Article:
“What are you smiling about?”  The guard hissed as she lashed out with her sword.

“My own foolishness,” Plex replied, dodging the attack.  He wanted to search the field for his sister but didn’t dare give his opponent another opening.  She hadn’t take advantage of the first one.  He doubted she would make that mistake a second time.  “All of our foolishness, actually.”

Plex moved left with his feet but swung his sword across from the right in an upward motion.  She did not move with him and easily blocked the stroke.  Then she shifted her own weighted and brought her sword down towards Plex’s arm.  He disengaged and moved back a step, narrowly avoiding injury.

“Why are we all fools?”  

The sadness and anger still remained.  Plex was sure she knew what he meant but went ahead and said it anyway.  If he could throw her off balance mentally it might give him an opening physically.  The two were often linked.

“We are all fools for having allowed ourselves to be tricked by Lavalandinarial.  She isn’t the strongest.  She has just made us think she is.”

“You’re wrong on that.”  

She swiped towards his left leg and then brought the swing up sharply towards his ribs.  Plex had already been in motion though and easily moved beyond the strike.

“No,” he responded firmly, for he suddenly realized it was true.  She wasn’t as strong as she’d made them all believe for so long.  “She’s clever, I’ll give her that.  But, I withstood her magic today.  If I can, others can as well.  And we could overthrow her.”  

“That’s not possible.”

She faltered.  It was hardly more than a hesitation in her movement but Plex’s sharp eyes picked up.  He had once again hit upon something, a weakness in her armor.  He made as if he was going to spear her with his sword and she moved to block.  Plex shifted into a spin and used the momentum to strike her sword near the hilt and then follow through with a flick of his own wrists.  The move worked and the sword flew from her hands.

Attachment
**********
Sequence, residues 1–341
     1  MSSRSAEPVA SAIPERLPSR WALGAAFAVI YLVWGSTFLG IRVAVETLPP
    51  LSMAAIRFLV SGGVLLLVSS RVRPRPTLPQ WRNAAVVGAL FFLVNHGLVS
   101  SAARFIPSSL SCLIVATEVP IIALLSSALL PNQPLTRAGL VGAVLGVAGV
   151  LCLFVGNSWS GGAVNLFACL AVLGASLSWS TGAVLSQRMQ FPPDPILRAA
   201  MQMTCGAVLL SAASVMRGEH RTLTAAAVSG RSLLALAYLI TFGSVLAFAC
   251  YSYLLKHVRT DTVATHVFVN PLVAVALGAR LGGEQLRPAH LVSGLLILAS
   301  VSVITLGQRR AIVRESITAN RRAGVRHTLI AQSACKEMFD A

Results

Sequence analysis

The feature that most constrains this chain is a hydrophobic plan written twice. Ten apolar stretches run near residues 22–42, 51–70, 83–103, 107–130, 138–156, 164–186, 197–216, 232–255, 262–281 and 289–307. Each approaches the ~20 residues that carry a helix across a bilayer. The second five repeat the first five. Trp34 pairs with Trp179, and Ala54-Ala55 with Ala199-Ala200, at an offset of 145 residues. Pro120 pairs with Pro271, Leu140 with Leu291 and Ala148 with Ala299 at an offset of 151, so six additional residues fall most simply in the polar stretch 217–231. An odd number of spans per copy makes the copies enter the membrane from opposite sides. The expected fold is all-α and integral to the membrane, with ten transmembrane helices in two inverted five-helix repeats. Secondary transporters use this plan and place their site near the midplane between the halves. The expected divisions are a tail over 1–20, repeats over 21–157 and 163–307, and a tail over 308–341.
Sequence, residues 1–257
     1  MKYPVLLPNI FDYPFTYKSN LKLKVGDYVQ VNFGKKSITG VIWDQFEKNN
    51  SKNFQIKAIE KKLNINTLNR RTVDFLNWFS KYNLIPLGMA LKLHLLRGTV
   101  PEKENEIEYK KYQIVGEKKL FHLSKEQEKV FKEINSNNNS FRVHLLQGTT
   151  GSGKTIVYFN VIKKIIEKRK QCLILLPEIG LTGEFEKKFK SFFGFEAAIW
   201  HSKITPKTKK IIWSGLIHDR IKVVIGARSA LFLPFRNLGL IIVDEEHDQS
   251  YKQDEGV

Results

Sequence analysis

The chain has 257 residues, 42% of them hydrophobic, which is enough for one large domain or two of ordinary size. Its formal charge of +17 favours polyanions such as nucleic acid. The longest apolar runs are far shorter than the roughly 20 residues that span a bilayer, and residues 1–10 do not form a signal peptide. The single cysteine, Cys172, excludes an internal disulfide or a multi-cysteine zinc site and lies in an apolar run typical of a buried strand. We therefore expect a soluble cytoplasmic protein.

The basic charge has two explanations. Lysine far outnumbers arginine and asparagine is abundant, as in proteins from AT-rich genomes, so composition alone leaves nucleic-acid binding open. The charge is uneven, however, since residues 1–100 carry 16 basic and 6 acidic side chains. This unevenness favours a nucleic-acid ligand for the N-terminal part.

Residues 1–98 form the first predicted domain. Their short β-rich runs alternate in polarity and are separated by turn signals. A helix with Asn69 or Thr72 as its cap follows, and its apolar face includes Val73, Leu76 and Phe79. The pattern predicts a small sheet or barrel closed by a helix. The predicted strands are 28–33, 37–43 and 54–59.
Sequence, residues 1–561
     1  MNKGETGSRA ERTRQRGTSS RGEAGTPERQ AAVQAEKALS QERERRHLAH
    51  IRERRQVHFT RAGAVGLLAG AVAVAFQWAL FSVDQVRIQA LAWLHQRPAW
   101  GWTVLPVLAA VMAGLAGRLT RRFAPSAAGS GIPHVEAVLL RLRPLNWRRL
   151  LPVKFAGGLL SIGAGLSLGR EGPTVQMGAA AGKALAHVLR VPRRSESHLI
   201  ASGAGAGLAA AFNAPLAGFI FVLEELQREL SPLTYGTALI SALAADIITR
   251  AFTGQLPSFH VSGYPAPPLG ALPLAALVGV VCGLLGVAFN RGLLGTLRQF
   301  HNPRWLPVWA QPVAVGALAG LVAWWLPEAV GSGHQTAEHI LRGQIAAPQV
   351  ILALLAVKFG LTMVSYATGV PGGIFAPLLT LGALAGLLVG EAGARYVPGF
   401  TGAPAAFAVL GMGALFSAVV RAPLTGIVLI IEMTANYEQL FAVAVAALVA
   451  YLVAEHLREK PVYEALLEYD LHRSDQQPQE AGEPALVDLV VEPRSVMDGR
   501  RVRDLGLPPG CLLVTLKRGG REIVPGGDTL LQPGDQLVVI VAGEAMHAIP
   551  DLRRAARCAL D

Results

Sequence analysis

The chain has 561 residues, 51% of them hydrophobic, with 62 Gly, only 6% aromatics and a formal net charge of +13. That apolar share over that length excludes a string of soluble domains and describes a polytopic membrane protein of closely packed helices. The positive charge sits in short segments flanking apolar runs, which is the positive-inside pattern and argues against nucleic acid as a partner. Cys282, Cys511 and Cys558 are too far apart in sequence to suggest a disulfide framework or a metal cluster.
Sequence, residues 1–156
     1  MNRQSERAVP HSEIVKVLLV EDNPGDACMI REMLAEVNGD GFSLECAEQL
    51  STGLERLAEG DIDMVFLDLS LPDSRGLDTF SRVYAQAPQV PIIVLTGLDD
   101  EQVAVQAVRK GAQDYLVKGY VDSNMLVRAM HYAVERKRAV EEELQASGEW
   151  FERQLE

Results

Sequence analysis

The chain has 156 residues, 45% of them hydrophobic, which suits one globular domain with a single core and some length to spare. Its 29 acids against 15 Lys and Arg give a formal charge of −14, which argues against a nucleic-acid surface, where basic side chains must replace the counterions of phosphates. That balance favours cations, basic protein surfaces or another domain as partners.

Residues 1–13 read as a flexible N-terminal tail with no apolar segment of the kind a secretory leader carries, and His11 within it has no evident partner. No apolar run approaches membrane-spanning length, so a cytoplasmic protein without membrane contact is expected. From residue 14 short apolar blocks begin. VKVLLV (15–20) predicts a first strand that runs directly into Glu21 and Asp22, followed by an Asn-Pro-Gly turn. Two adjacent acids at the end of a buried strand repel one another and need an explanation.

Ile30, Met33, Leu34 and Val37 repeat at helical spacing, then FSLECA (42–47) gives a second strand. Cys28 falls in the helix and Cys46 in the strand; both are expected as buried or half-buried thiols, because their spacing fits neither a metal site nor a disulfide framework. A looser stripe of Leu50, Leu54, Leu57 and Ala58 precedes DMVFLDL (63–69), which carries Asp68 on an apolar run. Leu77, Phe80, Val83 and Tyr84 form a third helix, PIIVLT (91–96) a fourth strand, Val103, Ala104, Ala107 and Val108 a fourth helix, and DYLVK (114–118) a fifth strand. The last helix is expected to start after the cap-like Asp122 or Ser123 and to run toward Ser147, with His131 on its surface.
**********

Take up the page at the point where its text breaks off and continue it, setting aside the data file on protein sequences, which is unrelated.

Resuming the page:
Then, to his surprise, he found himself not following up with an attack of his own. Instead, he stayed his hand and looked at her. “Yes,” he said. “It is possible.”

She appeared like she was on the verge of saying something before her face contorted in anger. A snarl escaped from her lips as she took a menacing step forward. Plex couldn’t believe his eyes. He held a weapon. She was unarmed. Yet, she still advanced on him anyway. Why would she do that?

The answer came to him almost instantly. It was so obvious. Magic. It had to be magic. Somehow, Lavalandinarial was controlling her Honor Guard magically. 

Plex stepped backwards in order to avoid her attempt to grapple with him. He couldn’t kill her, he knew. She wasn’t in control of her actions. It wasn’t right to kill someone because they were forced into doing something that they didn’t want to do. Besides, he had an idea. If he was able to snap her out of the hold Lavalandinarial had on her, maybe he could do it for others as well.  Having some of the dragon’s Honor Guard leave her side to join his would help their rebellion out tremendously. Not only would they thin the dragon’s numbers, but they’d also gain skilled fighters.

Plex thought back to what had caused the momentary breaks in the dragon’s hold. The most obvious one, and the one most likely to work, was what he said about Lavalandinarial killing one of her family members. “Who was it?” Plex asked. “Who did the dragon kill? Your mother? Your father? A sibling?”

No answer came. There was no outward sign of emotion either. It wasn’t any of the things he mentioned. If it was, he would have been able to tell. Two other options immediately popped into his head. Plex went with the least horrible of the two to start with. “Your husband or lover?”

This time, she hesitated. Plex was thankful for that. While losing a lover was really bad, his next guess, losing a child, was the worst thing he could imagine. Still, this woman had lost, and he needed to break her free from the dragon’s grip. He asked the question again. She pulled her hands back from trying to grab him and held them in front of her face. Her eyes went back and forth over them as if seeing them for the first time.